Wednesday, August 05, 2015
Golf Course Update
It is hard to believe that the summer is almost over and we be aerifyng the golf course next week. For many on my staff it's a monumental moment when aerification arrives because it signals to us that the season is slowly winding down and cooler weather is on the way. Our goal for the greens aerification program in the early spring is to be aggressive removing the unwanted organic material. The second greens aerification, scheduled for next week, is to heal up quickly and be less aggressive. By combining these two types of techniques, we can still attain our goals of removing more that 20 percent of the area for proper greens health. The tees, approaches and rough will also see cores removed and the fairways will have select areas aerified with a solid tine for minimal disruption. Over all, that is the program for this year, so we have a lot of work for us to accomplish next week.
We are also entering the part of the season where the Bermuda grass is thriving in places across the golf course. This weed is the most difficult to control and most golf courses in our area, and those nationwide that are NOT Bermuda, have the same problem. Some courses are aggressive in their approach, while others do what they can. We are actually going to do both. It's been a well-known fact that through the spring and summer, our rough is not always where we would like it to be. We want to avoid that by using a mix of techniques that could give us desirable results while minimizing the impact on member play. Our plan is to take small areas that are generally in-play, apply Round-Up to those, and then sod them, as seen in the photo to the right. Other areas that are farther away from play areas will be seeded. We will try to seed fewer areas because of the amount of time it takes to produce results compared to sod.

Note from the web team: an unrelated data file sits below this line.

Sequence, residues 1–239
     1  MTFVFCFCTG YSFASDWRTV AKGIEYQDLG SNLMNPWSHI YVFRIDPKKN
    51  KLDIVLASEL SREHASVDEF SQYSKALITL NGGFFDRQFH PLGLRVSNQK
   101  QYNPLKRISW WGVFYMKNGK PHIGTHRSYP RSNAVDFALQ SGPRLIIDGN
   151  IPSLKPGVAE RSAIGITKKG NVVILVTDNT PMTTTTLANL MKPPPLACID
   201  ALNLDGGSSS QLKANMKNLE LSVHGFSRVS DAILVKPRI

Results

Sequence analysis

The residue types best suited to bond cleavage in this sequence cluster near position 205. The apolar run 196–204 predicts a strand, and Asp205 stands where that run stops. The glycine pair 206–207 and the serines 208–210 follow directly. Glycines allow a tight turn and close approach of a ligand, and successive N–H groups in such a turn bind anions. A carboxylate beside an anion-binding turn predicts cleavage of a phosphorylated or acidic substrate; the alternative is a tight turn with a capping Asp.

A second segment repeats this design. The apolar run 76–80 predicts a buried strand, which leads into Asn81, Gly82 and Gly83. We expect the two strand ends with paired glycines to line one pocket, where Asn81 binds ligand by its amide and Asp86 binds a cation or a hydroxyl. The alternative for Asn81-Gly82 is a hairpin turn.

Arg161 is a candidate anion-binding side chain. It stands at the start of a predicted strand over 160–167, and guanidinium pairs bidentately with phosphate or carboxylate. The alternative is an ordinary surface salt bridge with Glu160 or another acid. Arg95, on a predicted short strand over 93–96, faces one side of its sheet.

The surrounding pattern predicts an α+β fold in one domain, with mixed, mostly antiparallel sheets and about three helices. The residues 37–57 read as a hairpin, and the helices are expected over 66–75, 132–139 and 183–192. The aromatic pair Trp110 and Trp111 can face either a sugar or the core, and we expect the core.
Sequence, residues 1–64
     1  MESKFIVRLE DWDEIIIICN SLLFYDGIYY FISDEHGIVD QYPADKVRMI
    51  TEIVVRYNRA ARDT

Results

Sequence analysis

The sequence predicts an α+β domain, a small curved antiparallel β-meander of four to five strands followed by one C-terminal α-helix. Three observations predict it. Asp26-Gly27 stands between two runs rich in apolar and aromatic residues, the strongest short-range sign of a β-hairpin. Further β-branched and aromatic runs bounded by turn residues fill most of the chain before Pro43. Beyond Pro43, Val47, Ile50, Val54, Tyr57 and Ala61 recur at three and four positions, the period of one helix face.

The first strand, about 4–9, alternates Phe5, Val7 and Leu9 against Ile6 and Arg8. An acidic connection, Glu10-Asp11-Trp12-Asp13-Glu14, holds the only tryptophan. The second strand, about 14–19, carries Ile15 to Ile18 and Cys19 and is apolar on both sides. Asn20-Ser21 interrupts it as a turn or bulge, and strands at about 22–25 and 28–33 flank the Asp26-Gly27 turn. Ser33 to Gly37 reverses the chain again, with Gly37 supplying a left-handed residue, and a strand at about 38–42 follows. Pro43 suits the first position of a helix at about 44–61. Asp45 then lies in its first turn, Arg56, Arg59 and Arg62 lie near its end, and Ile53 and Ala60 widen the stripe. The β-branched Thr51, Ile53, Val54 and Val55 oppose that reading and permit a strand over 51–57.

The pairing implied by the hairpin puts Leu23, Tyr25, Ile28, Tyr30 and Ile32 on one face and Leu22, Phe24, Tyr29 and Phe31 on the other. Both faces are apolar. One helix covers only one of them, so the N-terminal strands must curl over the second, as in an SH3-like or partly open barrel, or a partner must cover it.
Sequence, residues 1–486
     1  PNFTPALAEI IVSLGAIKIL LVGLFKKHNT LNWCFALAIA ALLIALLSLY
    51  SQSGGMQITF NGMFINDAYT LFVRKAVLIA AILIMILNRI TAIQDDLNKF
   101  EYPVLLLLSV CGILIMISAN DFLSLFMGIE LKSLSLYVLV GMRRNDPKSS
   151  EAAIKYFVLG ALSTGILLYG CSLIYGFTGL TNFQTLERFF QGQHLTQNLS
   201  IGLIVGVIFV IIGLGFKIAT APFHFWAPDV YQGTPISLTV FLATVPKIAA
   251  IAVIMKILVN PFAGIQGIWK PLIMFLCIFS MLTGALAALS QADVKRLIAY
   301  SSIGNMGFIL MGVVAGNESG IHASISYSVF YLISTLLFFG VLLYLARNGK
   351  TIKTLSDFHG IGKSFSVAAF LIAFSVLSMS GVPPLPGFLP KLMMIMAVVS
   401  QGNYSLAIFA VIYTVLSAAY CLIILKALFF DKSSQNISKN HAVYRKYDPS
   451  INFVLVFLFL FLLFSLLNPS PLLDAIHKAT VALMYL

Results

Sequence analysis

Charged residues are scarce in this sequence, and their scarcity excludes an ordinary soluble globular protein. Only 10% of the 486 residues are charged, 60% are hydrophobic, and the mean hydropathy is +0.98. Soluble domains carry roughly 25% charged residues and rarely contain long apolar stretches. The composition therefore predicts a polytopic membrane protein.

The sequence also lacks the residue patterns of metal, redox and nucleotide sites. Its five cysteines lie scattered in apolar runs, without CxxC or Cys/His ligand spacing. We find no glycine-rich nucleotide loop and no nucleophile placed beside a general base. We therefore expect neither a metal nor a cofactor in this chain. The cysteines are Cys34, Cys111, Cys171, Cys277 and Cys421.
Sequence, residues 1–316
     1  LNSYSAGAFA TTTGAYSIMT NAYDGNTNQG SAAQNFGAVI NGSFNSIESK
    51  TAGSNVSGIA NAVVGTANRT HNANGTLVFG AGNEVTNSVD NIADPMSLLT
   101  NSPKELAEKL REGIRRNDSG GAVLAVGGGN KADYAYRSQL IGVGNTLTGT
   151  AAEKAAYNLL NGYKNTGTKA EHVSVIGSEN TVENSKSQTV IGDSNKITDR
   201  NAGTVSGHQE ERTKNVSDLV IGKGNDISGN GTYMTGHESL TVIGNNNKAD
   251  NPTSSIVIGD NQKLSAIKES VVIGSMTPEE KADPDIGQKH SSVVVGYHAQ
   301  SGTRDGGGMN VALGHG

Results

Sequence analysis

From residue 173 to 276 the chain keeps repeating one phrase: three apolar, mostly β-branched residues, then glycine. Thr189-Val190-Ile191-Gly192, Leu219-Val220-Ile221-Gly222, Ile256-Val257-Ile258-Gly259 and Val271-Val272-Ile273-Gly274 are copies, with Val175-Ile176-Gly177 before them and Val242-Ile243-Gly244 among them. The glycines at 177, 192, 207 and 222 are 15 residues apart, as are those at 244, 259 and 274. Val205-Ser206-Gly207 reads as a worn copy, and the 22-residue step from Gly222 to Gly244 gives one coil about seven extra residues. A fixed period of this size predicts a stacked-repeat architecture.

Some holes are worse than others and if we chose to apply Round-Up to the Bermuda on holes 5, 8, and 18, there wouldn't be any rough left. So on these holes we are going to spray a herbicide, similar to what we do in the fairways to minimize the contamination, and then seed those. My goal over time is to get small areas where we can apply Round-Up. Is all of this a sure fire way of dealing with this problem? Probably not, but it's the best thing available to us, since we know that if we do nothing it will only get worse. I'm pretty certain that two things will survive a nuclear attack, cockroaches and Bermuda grass!
On August 17th, we will have a tree company on site to remove a large willow oak where the back half of the canopy has died. This was a beautiful tree at one point, and it is a shame we have to take it down, but it's just not safe because of the proximity to the clubhouse and walkway. We will evaluate the area for additional improvements with another tree and plant material.
We hope your summer has been great so far and we look forward to seeing you on the course.
Golf Course Manager
Lakewood Country Club. 13901 Glen Mill Road. Rockville, MD 20850 301.762.5430